A bill sponsored by Rep. Mike Chenault, R-Nikiski, has changed municipal property tax law.
The bipartisan House Bill 67, co-sponsored by Rep. Max Gruenberg, D-Anchorage, and Rep. Kurt Olson, R-Soldotna, allows municipal governments to exempt law enforcement officers from paying some property taxes on their homes if they agree to move into high-crime neighborhoods.
The exemption is meant to reduce crime in those areas by allowing an exemption from taxes on up to $150,000 of assessed value. That’s equal to the state’s mandatory exemption afforded senior citizens and disabled veterans.
Under the law, municipalities would define what constituted a “high-crime” area, and what types of law enforcement officers would qualify.
The bill also creates a mandatory exemption on property owned by private, nonprofit four-year colleges, except that it would not apply to leaseholds on properties used for non-educational purposes.
This provision already applies to University of Alaska properties. HB 67 extends the provision to other colleges.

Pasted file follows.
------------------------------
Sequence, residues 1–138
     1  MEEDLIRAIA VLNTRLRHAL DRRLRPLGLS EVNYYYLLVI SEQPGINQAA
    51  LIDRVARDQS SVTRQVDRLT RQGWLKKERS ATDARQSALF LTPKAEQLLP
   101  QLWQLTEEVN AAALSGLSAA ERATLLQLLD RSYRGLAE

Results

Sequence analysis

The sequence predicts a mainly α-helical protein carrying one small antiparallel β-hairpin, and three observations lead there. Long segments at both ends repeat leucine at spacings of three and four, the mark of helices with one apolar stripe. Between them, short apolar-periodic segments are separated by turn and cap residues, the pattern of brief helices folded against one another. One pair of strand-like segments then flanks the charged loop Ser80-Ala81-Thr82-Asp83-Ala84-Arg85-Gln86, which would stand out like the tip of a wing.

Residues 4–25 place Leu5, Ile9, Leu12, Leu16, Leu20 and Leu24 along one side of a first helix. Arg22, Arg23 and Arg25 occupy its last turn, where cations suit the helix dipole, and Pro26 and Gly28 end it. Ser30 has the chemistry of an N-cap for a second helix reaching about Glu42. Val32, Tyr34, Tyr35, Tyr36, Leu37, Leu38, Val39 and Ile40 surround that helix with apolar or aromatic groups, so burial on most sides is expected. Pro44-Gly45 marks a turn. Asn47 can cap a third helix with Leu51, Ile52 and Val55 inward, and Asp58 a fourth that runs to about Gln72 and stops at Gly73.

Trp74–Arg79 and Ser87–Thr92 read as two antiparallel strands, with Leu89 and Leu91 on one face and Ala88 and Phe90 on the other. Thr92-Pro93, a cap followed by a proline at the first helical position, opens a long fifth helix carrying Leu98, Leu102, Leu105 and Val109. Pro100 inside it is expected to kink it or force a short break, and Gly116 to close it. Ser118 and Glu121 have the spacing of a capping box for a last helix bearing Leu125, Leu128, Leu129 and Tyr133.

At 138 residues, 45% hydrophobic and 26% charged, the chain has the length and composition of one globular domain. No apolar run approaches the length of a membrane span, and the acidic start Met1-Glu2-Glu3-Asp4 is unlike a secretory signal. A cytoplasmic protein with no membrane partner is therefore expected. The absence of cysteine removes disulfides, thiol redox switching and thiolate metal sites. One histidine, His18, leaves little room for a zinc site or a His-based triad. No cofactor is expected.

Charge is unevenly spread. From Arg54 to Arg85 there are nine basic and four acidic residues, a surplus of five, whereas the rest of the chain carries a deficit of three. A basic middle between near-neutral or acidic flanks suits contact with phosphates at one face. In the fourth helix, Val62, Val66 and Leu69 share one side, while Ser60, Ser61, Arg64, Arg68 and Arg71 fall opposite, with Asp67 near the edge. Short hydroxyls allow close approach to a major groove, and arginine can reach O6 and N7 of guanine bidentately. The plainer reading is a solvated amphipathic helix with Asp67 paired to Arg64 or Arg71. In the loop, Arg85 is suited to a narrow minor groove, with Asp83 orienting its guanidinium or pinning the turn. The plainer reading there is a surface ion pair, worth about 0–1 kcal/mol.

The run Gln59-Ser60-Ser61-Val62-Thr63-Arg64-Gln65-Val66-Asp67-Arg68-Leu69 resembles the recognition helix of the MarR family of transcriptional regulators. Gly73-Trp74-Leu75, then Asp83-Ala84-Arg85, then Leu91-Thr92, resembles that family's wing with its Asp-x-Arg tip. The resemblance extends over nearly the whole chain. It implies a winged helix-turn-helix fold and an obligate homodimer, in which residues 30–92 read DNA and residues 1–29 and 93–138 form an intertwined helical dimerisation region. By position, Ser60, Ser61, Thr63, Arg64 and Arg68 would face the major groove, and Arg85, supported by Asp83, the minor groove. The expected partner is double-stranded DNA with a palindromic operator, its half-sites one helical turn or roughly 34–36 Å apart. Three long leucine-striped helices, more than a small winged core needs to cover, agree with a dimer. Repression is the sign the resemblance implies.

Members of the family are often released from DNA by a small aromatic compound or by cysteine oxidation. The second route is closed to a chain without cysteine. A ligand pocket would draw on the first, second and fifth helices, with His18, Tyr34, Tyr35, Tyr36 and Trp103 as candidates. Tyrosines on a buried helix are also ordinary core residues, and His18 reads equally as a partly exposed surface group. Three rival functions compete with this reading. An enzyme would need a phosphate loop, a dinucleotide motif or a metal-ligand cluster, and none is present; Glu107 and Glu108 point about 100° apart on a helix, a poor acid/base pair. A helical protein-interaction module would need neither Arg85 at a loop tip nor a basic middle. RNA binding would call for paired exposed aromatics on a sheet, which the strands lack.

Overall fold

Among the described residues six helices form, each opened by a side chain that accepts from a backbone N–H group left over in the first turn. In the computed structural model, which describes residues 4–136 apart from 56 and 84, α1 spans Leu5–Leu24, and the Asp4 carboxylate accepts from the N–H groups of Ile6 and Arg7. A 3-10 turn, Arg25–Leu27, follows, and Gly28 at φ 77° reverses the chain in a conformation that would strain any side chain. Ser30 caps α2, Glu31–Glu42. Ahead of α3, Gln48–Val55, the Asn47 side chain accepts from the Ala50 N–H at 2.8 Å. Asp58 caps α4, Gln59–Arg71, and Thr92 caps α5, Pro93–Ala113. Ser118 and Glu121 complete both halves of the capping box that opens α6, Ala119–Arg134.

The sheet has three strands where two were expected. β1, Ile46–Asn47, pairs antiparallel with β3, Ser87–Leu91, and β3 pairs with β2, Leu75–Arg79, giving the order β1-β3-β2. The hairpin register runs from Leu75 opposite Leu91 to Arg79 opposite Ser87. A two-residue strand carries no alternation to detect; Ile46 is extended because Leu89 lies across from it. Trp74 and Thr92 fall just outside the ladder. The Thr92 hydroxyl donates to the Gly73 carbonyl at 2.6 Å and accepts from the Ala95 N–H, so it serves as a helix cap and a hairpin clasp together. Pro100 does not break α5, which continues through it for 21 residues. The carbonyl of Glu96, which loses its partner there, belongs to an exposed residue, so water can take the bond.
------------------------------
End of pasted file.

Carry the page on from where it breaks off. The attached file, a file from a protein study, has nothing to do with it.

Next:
Another change is to allow an optional exemption from taxes for fraternal, 501(c)(8) or (10) organizations for certain properties used for religious, charitable, scientific, literary, educational, or fraternal purposes.
The provision accounts for situations in many rural areas where facilities such as fraternal halls might be major meeting centers for community events.
“Each of these three changes serves a good public purpose,” Chenault said in a press release Wednesday.
“While we recognize that the municipalities are engaged in a delicate balancing act between the need to raise tax revenues while not overburdening property taxpayers, these exemptions are designed to encourage beneficial effects for the public.”
HB 67 has been sent to the Senate.
Hal Spence can be reached at firstname.lastname@example.org.
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